Now that the construction crews have gotten to work on the new New York Yankees stadium – latest reports are that they’ve begun cutting down trees in Macombs Dam Park, and breaking up a rock formation that is in the way of the planned main entryway – people are coming out of the woodwork to say how they feel about the pending death of the House That Ruth Built. A sampling:
The new Yankee Stadium, or whatever it winds up being called, will be better for George M. Steinbrenner III, former shipbuilder from Cleveland who 33 years ago pulled off the biggest heist in this town since Peter Minuit stole Manhattan from the Lenapes for a handful of beads.
But better for the fans?
Do you like the idea of paying even more for your seat than the already league-high ticket prices at Yankee Stadium? Do you not mind the prospect of being shut out of a game because the new park will have between 5,000 and 7,000 fewer seats? Are you OK with the idea of cozying up on the couch in front of the TV set because that is now the only seat for a Yankees game you can afford? Have you grown accustomed to seeing one precious bit of New York history after another fall to the wrecker’s ball?
If you answered yes to any or all of those questions, then The Boss is right. The new Yankee Stadium will be better for you.
Real Yankee fans will remember the Babe’s house warmly. But they will burst with pride that the best Boss in baseball has given them the best new ballpark in the USA. It will outscore the old one in every way.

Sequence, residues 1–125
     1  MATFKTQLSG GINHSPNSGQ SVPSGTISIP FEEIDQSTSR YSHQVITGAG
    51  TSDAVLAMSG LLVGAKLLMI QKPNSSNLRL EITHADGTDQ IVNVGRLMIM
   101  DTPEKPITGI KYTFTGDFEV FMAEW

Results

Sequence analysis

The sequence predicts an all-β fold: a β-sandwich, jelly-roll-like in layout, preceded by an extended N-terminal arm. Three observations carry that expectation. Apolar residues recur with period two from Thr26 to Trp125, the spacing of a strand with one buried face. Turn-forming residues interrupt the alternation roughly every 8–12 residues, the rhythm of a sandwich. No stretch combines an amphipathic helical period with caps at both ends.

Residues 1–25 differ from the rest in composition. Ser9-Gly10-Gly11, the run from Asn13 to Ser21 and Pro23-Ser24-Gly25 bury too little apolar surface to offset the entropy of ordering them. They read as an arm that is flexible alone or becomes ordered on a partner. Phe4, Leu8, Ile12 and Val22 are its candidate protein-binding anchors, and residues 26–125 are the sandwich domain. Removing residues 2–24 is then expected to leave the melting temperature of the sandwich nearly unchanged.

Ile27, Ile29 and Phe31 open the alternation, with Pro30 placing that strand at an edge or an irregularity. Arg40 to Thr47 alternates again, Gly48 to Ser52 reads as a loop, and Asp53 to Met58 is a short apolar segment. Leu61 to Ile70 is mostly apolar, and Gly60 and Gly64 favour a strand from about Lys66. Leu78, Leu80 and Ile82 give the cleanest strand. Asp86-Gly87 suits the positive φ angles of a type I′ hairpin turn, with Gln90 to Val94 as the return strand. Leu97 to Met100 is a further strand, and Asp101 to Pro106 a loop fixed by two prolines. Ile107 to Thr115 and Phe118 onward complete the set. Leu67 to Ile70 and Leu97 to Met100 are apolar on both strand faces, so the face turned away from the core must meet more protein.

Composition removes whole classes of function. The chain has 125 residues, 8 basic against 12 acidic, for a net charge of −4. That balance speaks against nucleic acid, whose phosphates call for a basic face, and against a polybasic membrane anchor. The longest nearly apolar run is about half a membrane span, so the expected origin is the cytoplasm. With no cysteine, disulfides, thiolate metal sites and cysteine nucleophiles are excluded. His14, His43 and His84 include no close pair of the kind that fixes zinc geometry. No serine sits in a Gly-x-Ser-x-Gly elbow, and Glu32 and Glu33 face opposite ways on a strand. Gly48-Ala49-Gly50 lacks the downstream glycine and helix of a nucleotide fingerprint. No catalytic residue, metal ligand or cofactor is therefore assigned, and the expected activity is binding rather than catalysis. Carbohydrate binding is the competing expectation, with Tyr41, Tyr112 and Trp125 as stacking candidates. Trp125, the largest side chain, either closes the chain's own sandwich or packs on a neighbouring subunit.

You don’t just level Yankee Stadium, the same way you don’t just level Fenway Park or Wrigley Field. You paint them, renovate them, equip them with new bathrooms and modern, fan-friendlier ways of watching the game.
But you don’t reduce them to dust and ash for an extra 40 luxury boxes and a happier bottom line.
…Baseball’s richest team will get richer, at least in the pocketbook. But tearing down Yankee Stadium makes the world’s most celebrated ballclub poorer in every other way.
The current Yankee Stadium, opened in 1923 and rebuilt in 1974-75, is an outmoded dump. It does not work on any level, except to inspire awe. The physical plant does not handle contemporary XL hips – or egos.
With all due respect to museum pieces like Wrigley Field and Fenway Park (and I cannot wait to go back to quaint, refurbished Fenway this weekend), the Yankees need a new stadium. So do the Mets, who are also getting one, Shea Stadium being worse than a dump – a nondescript dump. But these enterprises take money and energy and land and priorities. And sometimes the people wind up jogging on the sidewalk instead of on a track.
Until all this Yankee progress gets done, the folks who live near old or future Yankee Stadium can go play in the street, and try not to get hit by the visiting limos and Hummers.
It was a great celebration, except that when you looked past Steinbrenner’s shoulders, into the distance, the sights were downright mournful on the 58th anniversary of Babe Ruth’s death. This was a funeral, too, not just a birthing.
There were regal, graceful trees that would soon be gone, and a very famous stadium that would be chopped down to a watermelon slice. On the streets, there were neighborhood residents protesting the loss of McCombs Dam Park. There were fans, such as Tina Lewis from Section 39, making nervous phone calls, worrying already about ticket prices and how the Bleacher Creatures will have to move from right to left field.
This is one of those projects that is a win-win-win for everybody unless you just don’t like anything.
Hey, it is named after me, after all.